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The Carolina times. (Durham, N.C.) 1919-current, August 02, 1941, Image 2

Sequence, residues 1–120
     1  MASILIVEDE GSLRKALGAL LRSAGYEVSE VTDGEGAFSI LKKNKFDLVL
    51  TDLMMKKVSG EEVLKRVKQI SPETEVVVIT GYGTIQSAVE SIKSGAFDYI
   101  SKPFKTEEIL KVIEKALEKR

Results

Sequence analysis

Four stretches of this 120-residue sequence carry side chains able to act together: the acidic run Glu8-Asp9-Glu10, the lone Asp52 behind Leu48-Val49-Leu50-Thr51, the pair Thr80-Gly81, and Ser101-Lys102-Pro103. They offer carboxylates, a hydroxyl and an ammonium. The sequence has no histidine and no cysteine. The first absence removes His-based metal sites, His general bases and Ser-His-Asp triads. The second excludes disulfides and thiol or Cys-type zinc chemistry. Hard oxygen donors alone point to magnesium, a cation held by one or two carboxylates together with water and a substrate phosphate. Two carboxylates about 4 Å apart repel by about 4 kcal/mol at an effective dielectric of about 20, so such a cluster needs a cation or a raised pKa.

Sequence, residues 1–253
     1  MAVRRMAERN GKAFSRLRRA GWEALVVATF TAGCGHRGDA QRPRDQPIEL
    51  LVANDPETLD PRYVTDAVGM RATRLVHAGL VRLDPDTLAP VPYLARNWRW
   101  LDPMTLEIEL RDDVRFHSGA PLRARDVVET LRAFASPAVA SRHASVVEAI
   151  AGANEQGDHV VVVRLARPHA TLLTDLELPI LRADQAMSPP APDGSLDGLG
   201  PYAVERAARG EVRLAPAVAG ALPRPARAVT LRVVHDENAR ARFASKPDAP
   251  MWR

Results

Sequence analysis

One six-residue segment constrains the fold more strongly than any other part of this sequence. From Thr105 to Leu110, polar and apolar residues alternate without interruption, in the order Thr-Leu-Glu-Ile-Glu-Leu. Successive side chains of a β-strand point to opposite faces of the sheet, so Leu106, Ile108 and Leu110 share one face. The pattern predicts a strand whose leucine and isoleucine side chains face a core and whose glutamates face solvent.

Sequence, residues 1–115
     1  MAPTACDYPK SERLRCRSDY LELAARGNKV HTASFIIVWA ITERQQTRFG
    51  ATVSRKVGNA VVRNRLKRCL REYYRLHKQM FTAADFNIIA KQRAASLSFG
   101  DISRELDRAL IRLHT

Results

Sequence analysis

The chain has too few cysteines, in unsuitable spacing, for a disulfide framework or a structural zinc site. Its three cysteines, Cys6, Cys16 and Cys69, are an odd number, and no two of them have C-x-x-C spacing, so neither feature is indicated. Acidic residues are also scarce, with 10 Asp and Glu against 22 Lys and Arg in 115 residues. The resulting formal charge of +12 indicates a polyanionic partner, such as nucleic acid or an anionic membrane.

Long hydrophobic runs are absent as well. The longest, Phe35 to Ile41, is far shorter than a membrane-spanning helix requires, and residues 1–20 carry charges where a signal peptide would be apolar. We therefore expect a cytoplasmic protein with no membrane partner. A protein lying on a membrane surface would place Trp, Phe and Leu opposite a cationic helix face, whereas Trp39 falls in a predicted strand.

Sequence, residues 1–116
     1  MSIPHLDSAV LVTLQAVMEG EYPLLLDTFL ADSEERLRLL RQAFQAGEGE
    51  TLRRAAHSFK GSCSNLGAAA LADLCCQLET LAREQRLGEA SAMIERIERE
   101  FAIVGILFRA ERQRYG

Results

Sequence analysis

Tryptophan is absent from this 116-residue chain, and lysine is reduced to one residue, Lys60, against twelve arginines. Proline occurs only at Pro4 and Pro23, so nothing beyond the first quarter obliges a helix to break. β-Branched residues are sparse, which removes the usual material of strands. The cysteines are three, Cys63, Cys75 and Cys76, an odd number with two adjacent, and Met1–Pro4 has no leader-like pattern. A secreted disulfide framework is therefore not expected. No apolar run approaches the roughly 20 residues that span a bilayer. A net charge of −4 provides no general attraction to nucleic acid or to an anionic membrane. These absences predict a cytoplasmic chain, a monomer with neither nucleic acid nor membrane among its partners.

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TBE CARChL.IMA TIMES SATURDAY, AUGUST 2, 1941 PUBUSHCD WBEKLY BY THE OAftOUNA TIMES PUBLISHING CO. s. PBABOOT St. ^ DURHAM. M. C. PHONES N-71X1 *r •>*7871 ■■tercd M Mcond claai mattr at the Post Ofice at Duriuun, N. C. , .Slider tiw Act of March 3rd, 1879. L. E. AUSTIN.PUBLISHER JRFnXIAM A. tLiCR., ManafinK Editor S. k WILUAMSON, News Editor CHARLOTTE OFFICE 420 1-2 EAST SEOOND STREET SUBSCRIPTION RATESt $2.00—Y«ar, fl.Sfi—6 Montis, The Platform of . THE CARO UNA TIMES indudes: Equal salaries fiv Nesro Teachers. N^ro iieliceBieii. Ne^ro jaryMen. ' . ^ Eqnal •educati«HiaI opportnnlties. Hirher wa^es for donestic serrants. Full participation of Negroes in all branches of the National defense. Abolishment of the double-standard wagre scale in industry. Greater participation of Negroes in political affairs. Better hMuing for Negroes. Negro representation in city, county, state and na tion go?eninient8. PECT FOR OUR DEAD Either tl^ city of Durham should close for good the Old City cemetery, located in the northern part of the city, or it, ahould make ^arrangements to keep the grounds in better shape than they ai^being kept now. Not only is the manner in which ■ the grounds'Skce kept a reflection on the city, but the colored population, Jor whom the place Wjas originally set apart, as B»elL The law is dafinite and sure with regards to burial grounds. ilH&d it is not going to be as easy to abandon the Old Qity ceme- many hope it will. There is the mat^^^gE^^tinKnl^ to be reckottadrtwith, . and the ri«:hteousnes8 StiS^ion ^at •rises in the moat dtstant relatives when there is 'tiwlE^ut lis- tarbing their dead. The law recosmizes this deep feeling that exists among survivors of those w^o have passed into the great b^ond, and is slow to do anything^ that would arouse it. We think,however, that until it is definitely decided and arnmgements "Inade-to abandon the place that the same care given other public burial places should be gjiven the Old City cemetery. At present many of the tombstones and grave markers havei been demolished or pushed over. Others have suffered the ravages of time and need repairing:. The grounds have been j allowed to go without attention until the place resembles a wil- rdemess rather than a place where civilized i^eople bury their Because surviving Negro relatives have not enough respect »r their d^ad to keep the place cleared or sec to it that it is ept, those living in the immediate vicinity, supported by usual race prejudice, have no respect for it also, and con- ite what they can to destroy the place and make it unsight* We th^k the time has come to take some definite action thisviKtticular cemetery. Either it should be abandoned th respe^ ^d time and place provided for those desirous of loving Uie' remains of their beloved ones, or it should be litely miderstood that it is not going to be abandoned. If latter ^ewrse is decided on, then funds from public taxes mid be Sfipropriated for its upkeep. FRIENDS IN NEED A Europe controlled by Communistic Russia is no more de by the United States and Great Britain than a Europe con- by Nazi Germany. When democratic forms of gov- get in bed with a communistic form of government world may rest assured that both have become bedfellows ‘use of oecxi and not bccauae of love for one another. Brest Britain is the main source from which most of the hatod in the world originated. Gormany and other coun- 4i^ere it is now found are novices at the game, and con- iy have not learned the art of practicing it without at- attention. Russia where all races, inclufing the Amer- and other Negro ijeople, are given equal opiwrtun- be allowed, without a fight to a finish, to get [ ^l^ucDpe. HSGHT 41ND iSGHT ^ Henry C^y D»ri« In spite of man's acicntific expostulations concerning the origin, function, and cocentricitics of this Earth upon which we dwell there cannot abiA; in the human mind any doubt that it was created by a Being whose omni|)0ten0e is far greater than the combined degrees of actual or assumed erudition ever ac quired by the human race collectively. There is ho discoverable difference in the Divine construc tion and sul»equont usefulness of Earth’s many seas, or it^ multitude of mountains, or its various rivers, or its countless other manifestations of God’s creative genius, and consequent ly we may safely believe that His Divine scheme included no provision for a difference in the construction and usefulness; of human beings whatever may be the color of their skins. The intangible and incomprehensible forces which govern the function of Divine creations are inviolate to man and havd therefore remained constant and impartial down through the ages and when man realized that he could not control, alter, or affect What he calls natural laws he should also have realized that any unjust man-made law designed tp favor some humans and punish others would eventually become retroversive to govern the lawmaker in the same measure as was meted out by him, the law of retribution being also inviolate. The mighty British Empire seems to have been founded and built on the principle and practice of subjugating and despoiling weaker peoples whose hereditary proi)erties containing untold riches in natural resources were seized and exploited, whose customs and traditions were suppressed or changed to serve and convenience of a ruthless and merciless iif^der, and whose slightest infraction of the selfish and unjust laws imposed up on them was sometimes penalized in a most barbarous manner. And now the mighty- and supercilious Britons, the masters of suberfuge, intrigue, and viciousness, are finding themselves faced with the proof either that might is not always right or that if might is right, it is not solely the privilege and propr erty of the British people. If they have been right in their centuries old practice of employing might in their program of conquest, acquisition, and expansion, they have nothing to fear from the inexorable law of retribution, but if they have* not been right all "their invocations for Divine mercy and assist ance and all the secular material aid able to, reach them will be as chaff before the wind. This world will never be free of devastating wars and their terrible consequences until it is first free of avarice, deceit, and prejudice, and until every human being is willing to accoi^ ev« ery other human being the same rjights and privileges he re-* serves for himself. The greatest menace to the security and welfare of any nation is that nAion's own citizens who sub scribe to policies of despoiling, exploiting, and maltreating peo pie less privileged than themselves. Such citizens invariably incur enemies with whom the nation will eventually have to come to an accounting and not always successfully. Histerical records of the gains and subsequent losses of mighty nations and powerful individuals are ample proof that might IS far less conducive to peace, prosperity, and under standmg among men than are the elements of justice and fair play, 1 iTHE LINES mtP HTM'TB'AT WiYT X' bv William Pickens, Spokesman for Cause BY H. BOABDMAli For the Associated Negro Press By Dean Gtordoo B. Hancock THE THEEATLESS WAY hen thg march on Washing ton was called off, there were tho»e who sighed with relief, li; is extremely unfortunate that Furthermore, there ik a ques tion in many, wo»e face was aaved when the Inai'eh on Washington was called off, the administration’s or the uitu'ch there are those who are implying ; sponsors f There have been raised that the march is an ujp the sleeve card to be used at some iubst- quent date, if the objective in defense are not attaijid, so tar as a larger integration of the Ne gro is concerned. and America have sordidly maneuvered Russia l^ing their chestnuts out of the Are, until ifd can get teiijtf to do so with hands proteet- ‘ It-'a a n&stf' game, and they who play it " Read the “Rape of Africa"'by Lamar get a close up of European integrity t*o-«mng at the 4ime, iwt ag t^ age of puberty it too began to rape distance. Ijlyalf the dfaty>gaek« whare .all wen are going to see Ei^rope cfnt^rollad by a uaent «^h^r-all mm .of «1I races aoon ^ co|iypkte9 the role fee '^itwuTOr^ or fought out.^ ‘SB^&BTope. Should she defeat Germany herarif at vmr ai^in«t the same people IgtoiW- Aa aoon as the need of Ru£sia When President Kooscvelt made his statement there was no far ther place for the nijutn on Wa?li ington. The dramatization of the Negro’s dissatisfactioa and plight with his (lefense opportunities is about all that a march could ac complish. The President’s deUvc’’ ance on the matter was far more efl'ective than any march could have beenj and so the cause advanced. But Negroes should le ward of intimating that Roo^evtlt was “smoked out” as some er roneously imply. Roosevelt ueeds; no “smoking out” on the race question. His stand has been no manly and heroic that “smoking out” tactics are utterly out of plaoe. Moreover, the Roosevelts are the type that will not be “smoked out.” The Roosevelts are fearless and what conviction will not do to a Roosevelt intimidation can not do. For more than eight years. Republicans have tried to force' him to make a statement for the anti lynch bill; and he has re fused to be coerced. He knew that a statement from ,his 'would mean nothing hut conflict with the Southern constittfency of Congress upon whom he nius^^ de pend for the promulgation of Policies the triumph of which will be more lienefici^l lor the Negro cause than any deliverance on the anti lynch pronouncement. Roose velt would be less than a great statesman to alienate to large part of his support to Placate flie Negro race who are practic ally voteless in South. But Roosevelt has a better way than merely . ‘‘t»lkiug” his in terest in the Negro race.'He tries to formulate poU^;ies that will not work •ivithout them and which will be a general blessing in which the Negro must shfife. r beware of the , ■ ioft||icationb of those Negro leaders ^ho'' always hold the N^ro up aa a threat. If^^roea are not in a position in this country to do much “threat- ing.” The psychology of threats serious qustions, as to the num ber that would have marched. The fundamental question raised as to letting the march drift into the leadership of subversive ele ments prejudiced many conscien tious Negroes against the march tatties. Our communist comrades have a way of “running away with the show” and so caution was in order. Our leadeiShip should be wary about using the Negro as a threat. As a threat the Negro and his best ett'or; are strictly limited. ^t;^|^t^tiou ij the word and offers the more effective threatless way. Vansitart says graatest U. S. aid will be in new A. E. F* President asks more daylight time to save,power for defense. William Green supports forced saving for defense workers. Railroads show revenues rise of 30.2 per cent for June. Evidences ,«ven Hitler u against the Negro's interests. Jhis htnds. Will somebody tell the world why Hitler is not in Moscow or Leningrad or Kiev? What we want to know is why Germany continues to captnre the same cities and annihilate the same armies w.hen Bussia has so many other cities and aimiea that might be captured to Ger man advantage. When Germans captored the son of Stalin they captured thi wronf Stalin. The one that is giv ing the trouble is still at large. The Germans «re not going to get far captnriog the wtongman. FoQt troublos will cease when P097 hranans pay less attention to number and more attention to fit. A hitch in time may also save nia'e. _ • i . A shortage on informaition of ten result^' in a “longage" of argument. are Qiultiplying that has plenty war on The first and most lasting im pression one receives u\)on tnling with Mr. Pickens is that the de fense savings plans is to hini a genuine cause. He lives with it, dream it, and is COljiVINClCiD with wholehearted couvyetioii that it ijs a heaven sent opportunity for a Negro American to help their country and themselves. He glows with ferver as he suys, ‘‘For our group it is NECESSARY that Hitler should be defeated. We know that a Hitler victory means servitude for all the minority groups and the weaker peoi>les. This defense savings plans has been devised so that E\'i£KY American may participate in the defense against Hitlerism to what ever extent he is able; uad that his particii>ation may be to his own permanent and substantial advantage.” \ Aw, propaganda! mutters the oppostionj but he does not say it aloud in Dean Pickens’ hearing. What the dean is saying is no empty lip service due to the job he has undertaken. “It is true,” he says, “that the tree of de mocracy has n5l reached its jua- turity in America. It is a slender plant, or slow growth, and the day is still ahead when its wide, .strong brandhes will shelter al mankind. The d*^ is still to ,’oiue bat it will come, if we nourisli and train and *eare for that youug growth. The fool says, because it is weak, because it does not yet protect us, let us cut down! the ool, who lets himself be used by those who want mankind to have no Protection save that of their own mailed fists!” In less figurative language Mr. Pickens went on to say that, what ever the faults of our government lay be, it is one of the few re maining on earth which giants the right to protest, the right to demand changes, the right to maintain rights. (^uite recently this was illustrated when the ex clusion of Negroes form defense dustries brought a gigantic wave of protest from Negroes in all Parts of our country. \Vithout constraint of any kind they voic ed their protest. Without fear they organized to give their swelling indignation form and substance by a mass march upon our seat of government. the President of the United Stat es recognized the justice of their demand and, “ by i virtue of the autjiority in him /,vc64^vby the constitution, ’ ’ issued ’ an ’cAler with *rrangemeat8 ■ for ■ its strict! enforcement, to bring to an end' all discrimination in defenso in dustries. What would 'Hitler ^ say—to that? What we Americans say is, cheers for democracy! And while we are cheering, let us give one for this appointment of Dean William Pickens in the treasury department, another manifesta tion oi that same democracy. His ^uU .tjtlo, lot ^ be irecord- ed here oi>ce alid -for all, is “Principal Defense Securities Promotion Specialist on the De fense Savings Staff of the Utlice of the Secretary of the Treasury. Hereinafter he will be known as staff assistant a designation chosen by himself and in keeping with his character. His wokr may be described with equal simpli city. He goes about the country wherever called for, so far as that is humanly possible, si)cak- at meetings held to put the de fense program before the peoi)le; His own part is to explain iii his own graphic, humorous and cry stal—clear language al of the defense savings plan, from 10 cents stamp to $10,000 bond; the pur}H)se i^nd the use of these in vestments, to the national and to the individual. Aside from his ow^ tmjjiuajas- tic belief in the"8e#?fise savings plan, there are other reasons why the appointment of Dean Pickens i« peculiarly appropriate. One of these is the fact that he is a popular speaker with white aa well as Negro audience. Ah’cady requests are coming in from white communities whei'e he has has spoken before asking for Dean Pickens for their leading speaker at mass meetings held to acquaint the jmblic with the de fense program. And when colored groups feature him at their own local assemblies, a large section ot' the audient-e is aj>t to be white. In other words, this appoint ment is a happy example of tiie right nian for the place. Dean Pickens knows his peojde. He understands their lives and their needs and he can give to tl\^m and to their Avhite neighbors, in his own persausive way, the philosophical and practical rea sons for supporting the defenfe savings plans. Van Metis, state draft director. i ]^K*al boards re{x>rted that they have had a few instjuices in \hieh men got married after they Avere order to rept>rt for- examination and then asked to be placed in class 3. Under the new reguktion no consideration would be given de ferment of such cases unless the registrant had indicated on his i]Ut>«tionnaire or by supplement ary informati(m that he was en gaged and gave the date of the approaching wedding. There might be^other conl;tions^ the bulldtin, said, which would ob viously temi>er the modification of jK)iicy, such as pr>of that the wife was pregnant, or conclusive evidence of absolute dependence wherein the wifp would suffer undue hardshii> if compelled to live on the registrant’s income' as a soldier. , Marriage Offers No Escape Under Present Draft Law Registrants with the selective service boards V\yho * get jnarried 3n the eve of thjgfr-induction or after being order*ed" to re]>oi-l for [ihysicaT examination will do so at their own risk, according to a bull^ti^irepeived by Alamajice’s two • boards • today from General J. Angier Ex-Slave D{es In Raleigfh Burial rites for “Aunt” Ade line McAllister, former slave belonging to the John Green family of near Angier, Harnett county, were held at Garner Wednesday* where some of her kinsmen, now all dead, resided a number of years ago. The aged woman, who was confident she was over 110 years of age, died at her home in Chavis Park, Raleigh. Mrs, W. E. Stinson of Raleigh, re- late^to her former o>wners, vvM^H^ guardian in her last For years, “Aunt” Ade^ line ^as a “fixture” at the an nual reunion of the Green and McLean families in Harnett. Mrs* Stinson saw to it that she got to each meeting, for she could recall incidents and per sons connected with the family better than anyone else. She was owned by the late John and Katherine McLean Green. When asked why, upon gaining her freedom, she took the name “McAlister” instead- of that of her owners, she answered that “McAllister sounds bigger." The McAllisters were related by marriage to the Green and Me Lean families. The former slave, in trying to calculate her age, declared she was "a grown woman when the Yankees came” during the Civil War. With the realignment of |k>w- ers in Europe there has arisen among many of our people a sense of confusion, fostered and augmented whenever possible by those who are trying to divide the nation, and who wish to veil the real issue involved. If we listened to them, we would be lieve that we were forced to take either the road to the left or the road to the riglit. This is not the case. It is not a choice between the l)«gun besti ality of the Nazi-Fascist regimes and the godless bestiality of the Communi«t overlords. The blood guilt lies on both, and the foulness of their deeds offends the nostrils of Americans in usual degree. As a people we learned our It'sson in the era of ji^ng wars. We know that we cannot sit idly by and let two mobs kill each other off, while we go on rocking serenely and saying, “God ridd ance to bad rubbish.” We have got to get up and clear out both gangs, and common sense (ells us 1 Jiat we have to begin with the begin with the one whose gun is pointing our way. , ' ' The policies of oUr government ^have pot changed overnight. "We still as a nation are against all of the totalitarian ideologies which enslave human beings and make a mockery of all the principles we reverse. But we are a practi cal people, and we have to tackle johs in the order «f’theif' W^di aey. We know th^^t 'our j^i-esent task is to rearm S'^edilyanl well to rush aid to Br^taijt^ in this her God given hourt di bpportunity before Arm^pddon, and to pre pare for);ithp‘‘worst while we ear nestly > pray for the best. While We use this providential minute of respite before tho storm to strengthen the bulwarks of our defense, we must not jump to false conclusions or be led a- stray in false judgments. Thru the trying hours ahead, while tho rain of epithets—“Nazi” —-‘Red’ —“Nazi” — “Red”—fall upon our ears, we must stand firuii looking .fceyond the scaremonger to the shadowy ^gure prompting him. If we keep in mind that these miscreants now so bitterly assailing each other were broth ers in blood such a short time ago, united in their task of scutt ling the ship of democracy, we can sec them in the proper per- spectiveaiid go on as indivi duals, as a people, and as a na tion, doing the task we know we have to do. This is still America. This is still our democracy. Tho principles uix>n which our nation was governed h^ve not been changed by the new line up in Europe, “Go to your work and be strong, halting not in your ways, Baulking the end half won fot an instant dole of praise. Stand to your work and be wise —certain of sword and Pen. Who are neither children nor Gods, but men in a world of menl” YOU SAID IT ’Defense Bond OuizI —rrrB What is the reason for buy ing a Dfefense Bondf A. To keep America free. To show your faith and pride in your country. To warn foreign dictators that the United Slates is. the strongest country in the world. IT’S ALL IN THE STATE MIND If you think you aer beaten,—^ you arc. If you think you dare not, you don’t; If you like to win, but you think you can’t It’s almost a cinch you won’t,i If you think you’ll lose, you’ve lost, For out in the world you’ll find Success begins with a fellow's will; It’s all in the state of mind.; Pull many a race is lost Ere ever a step was run; And many a coward fails Ere' ever his work’s begun. Think big and your deeds will, grow. Think small and you'll fall be* hind. Think that you can and you will; It’s all in the state of mind. If you think you’re outclassed you are; You’ve got to think high to risej You've got to be sure of your-! self? before You ever can win a rize. Life’s battles don't always go To the stronger or faster man,. But sooner dr later the man who wins Is The Fellow Who Thinks Hq «Can